Lamar York Prize Winners Offer Advice

We’re reading submissions for our Lamar York Prizes for Fiction and Nonfiction, and we asked last year’s winners, Jeremy Collins and Alexander Weinstein, to share a few words of advice with prospective entrants. Winningly, they agreed.


Jeremy Collins, Prize for Nonfiction Winner:

I almost deleted the message. My thumb hovered over the delete button. Through twists of telemarketer voodoo, my cell phone had become a way station for telemarketers far and wide. Interested in a Caribbean vacation? Looking for real estate deals in the area? Congratulations! You qualify for a new credit card. I almost deleted the message, but new questions lingered: why did this caller leave a message, and why was the call from a 404 area code, three digits that used to mean home?

As writers, we spend so much time alone. Alone in our thoughts. Alone at our desks. Alone, all-too-often, even when surrounded by folks we love. Finding readers who catch our visions of the world and recognize our voices make these hours of solitude less lonely and help us fill silence with gratitude. Maybe it was Camus—or was it Sartre?—okay, it was someone smart and probably French, who said that reading literature should be like receiving a letter from a friend. As writers, our sole task is to receive these letters and send them out.

Receiving the call with the news on the Lamar York Prize both humbled me and sent me leaping. Though my vertical leap is not-much and the physical distance I traveled was slight, working with the kind and professional staff at The Chattahoochee Review on “Basic Composition” proved a rewarding and rich latitude for a story that I’d been trying to tell for some time.

Write. Submit. Enter contests. Let the call go to voicemail. Don’t delete. Listen.


Alexander Weinstein, Prize for Fiction Winner: 

My advice for entering the contest is really just a chronicling of my process: I try to pour my heart into my work; I realize that the resulting effort is a substandard replica of my heart, so I try again. Then I try again some more. Then I edit out half of it. Then I add more. Then I revise, revise, revise. I feel hopeless. Why did I even start writing in the first place? I sleep. I wake up and revise again. I begin to think, Hey, this is pretty good. I start adding new scenes; my heart starts to reveal itself in my work. I show it around to my writer friends. I get edits and lots of cuts. I despair again. Then I revise again. Eventually, six months or so later, I have a story that I love which reveals something greater than what I originally set out to do.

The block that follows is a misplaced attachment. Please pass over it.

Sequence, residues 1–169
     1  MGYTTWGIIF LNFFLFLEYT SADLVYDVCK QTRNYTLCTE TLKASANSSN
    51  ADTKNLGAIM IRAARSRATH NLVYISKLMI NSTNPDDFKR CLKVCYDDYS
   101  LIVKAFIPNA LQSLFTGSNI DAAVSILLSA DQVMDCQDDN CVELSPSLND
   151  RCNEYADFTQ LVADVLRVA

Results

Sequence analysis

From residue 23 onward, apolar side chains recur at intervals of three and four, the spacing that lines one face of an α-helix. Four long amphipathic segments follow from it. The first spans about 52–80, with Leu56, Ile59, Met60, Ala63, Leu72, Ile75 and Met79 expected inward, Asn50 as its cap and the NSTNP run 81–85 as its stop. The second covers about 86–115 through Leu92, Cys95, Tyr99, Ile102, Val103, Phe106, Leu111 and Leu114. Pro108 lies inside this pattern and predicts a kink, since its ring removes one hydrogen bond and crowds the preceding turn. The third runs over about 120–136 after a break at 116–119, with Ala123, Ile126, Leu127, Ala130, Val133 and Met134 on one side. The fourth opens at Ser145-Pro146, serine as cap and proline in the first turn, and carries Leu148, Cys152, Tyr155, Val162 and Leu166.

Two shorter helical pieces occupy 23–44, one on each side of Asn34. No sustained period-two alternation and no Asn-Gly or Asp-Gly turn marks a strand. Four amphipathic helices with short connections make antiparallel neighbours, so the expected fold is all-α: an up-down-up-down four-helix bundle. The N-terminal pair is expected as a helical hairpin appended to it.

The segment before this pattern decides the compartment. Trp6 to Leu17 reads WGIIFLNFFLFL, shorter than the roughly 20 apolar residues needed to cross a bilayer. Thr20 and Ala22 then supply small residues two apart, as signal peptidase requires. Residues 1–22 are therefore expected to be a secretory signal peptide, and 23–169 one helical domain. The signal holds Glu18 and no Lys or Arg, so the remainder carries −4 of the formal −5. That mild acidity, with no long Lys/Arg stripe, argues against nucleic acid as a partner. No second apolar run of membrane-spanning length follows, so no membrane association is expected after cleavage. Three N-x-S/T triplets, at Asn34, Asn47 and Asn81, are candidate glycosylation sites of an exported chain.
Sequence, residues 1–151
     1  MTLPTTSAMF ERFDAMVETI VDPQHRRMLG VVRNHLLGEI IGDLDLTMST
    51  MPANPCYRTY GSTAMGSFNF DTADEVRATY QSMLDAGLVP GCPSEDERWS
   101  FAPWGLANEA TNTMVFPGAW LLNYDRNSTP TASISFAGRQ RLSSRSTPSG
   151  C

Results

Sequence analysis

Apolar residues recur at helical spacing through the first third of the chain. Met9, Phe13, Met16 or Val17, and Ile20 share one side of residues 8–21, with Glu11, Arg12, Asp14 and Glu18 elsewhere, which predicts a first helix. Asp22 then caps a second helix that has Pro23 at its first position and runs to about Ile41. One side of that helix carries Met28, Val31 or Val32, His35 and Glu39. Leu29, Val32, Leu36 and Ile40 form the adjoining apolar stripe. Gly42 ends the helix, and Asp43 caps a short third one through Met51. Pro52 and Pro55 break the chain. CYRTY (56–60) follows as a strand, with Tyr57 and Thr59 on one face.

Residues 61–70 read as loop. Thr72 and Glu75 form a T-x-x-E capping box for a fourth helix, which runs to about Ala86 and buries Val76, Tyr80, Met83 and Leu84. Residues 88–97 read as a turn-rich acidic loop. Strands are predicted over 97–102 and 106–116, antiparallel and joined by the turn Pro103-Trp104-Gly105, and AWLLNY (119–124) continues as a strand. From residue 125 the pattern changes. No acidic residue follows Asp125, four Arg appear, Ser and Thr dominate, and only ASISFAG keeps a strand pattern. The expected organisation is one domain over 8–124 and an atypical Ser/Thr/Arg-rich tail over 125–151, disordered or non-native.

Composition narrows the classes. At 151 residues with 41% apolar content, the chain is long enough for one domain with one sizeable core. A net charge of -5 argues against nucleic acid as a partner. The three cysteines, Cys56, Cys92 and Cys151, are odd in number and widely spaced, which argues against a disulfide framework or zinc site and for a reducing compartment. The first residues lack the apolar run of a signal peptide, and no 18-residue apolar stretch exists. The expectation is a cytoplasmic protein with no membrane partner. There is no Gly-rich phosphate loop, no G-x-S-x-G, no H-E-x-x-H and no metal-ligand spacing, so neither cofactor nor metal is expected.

So my advice: give your strongest work which has been though many edits and which reveals some part of your heart to the world. Don’t rush towards contests. I’ve entered contests with premature work, and it’s always disappointing. That said, also make sure to enter your stories. As a writer, I often tend to doubt my work—including the winning story of last year’s prize, “The Cartographers”—thank goodness I didn’t listen to my internal critic.


Jeremy Collins teaches at the Early College of Arvada in Colorado. In October, his essay “13 Ways of Looking at Greg Maddux,” published in Longform at, was recognized by,‘s “Top Reads,”, and featured on His essay “Shadow Boxing,” originally published in the Georgia Review, was later anthologized in the Pushcart Prize XXXIII: Best of the Small Presses. Collins’s 2012 essay “Songs of My Father,” was selected for The Sycamore Review’s Wabash Nonfiction Award by Mary Karr. You can follow Jeremy on Twitter @JCfromDecatur.

Alexander Weinstein is the Director of the Martha’s Vineyard Institute of Creative Writing. His fiction and translations have appeared in Cream City Review, Notre-Dame Review, Pleiades, Rio Grande Review, Salamander, Sou’Wester, and other journals. His fiction was awarded the Lamar York Prize, The Gail Crump Prize, and appears in the anthology 2013 New Stories from the Midwest. He is a professor of creative writing at Siena Heights University and a lecturer at the University of Michigan.


We encourage early submissions to our Lamar York Prizes, so send us your best soon, and we look forward to reading your work!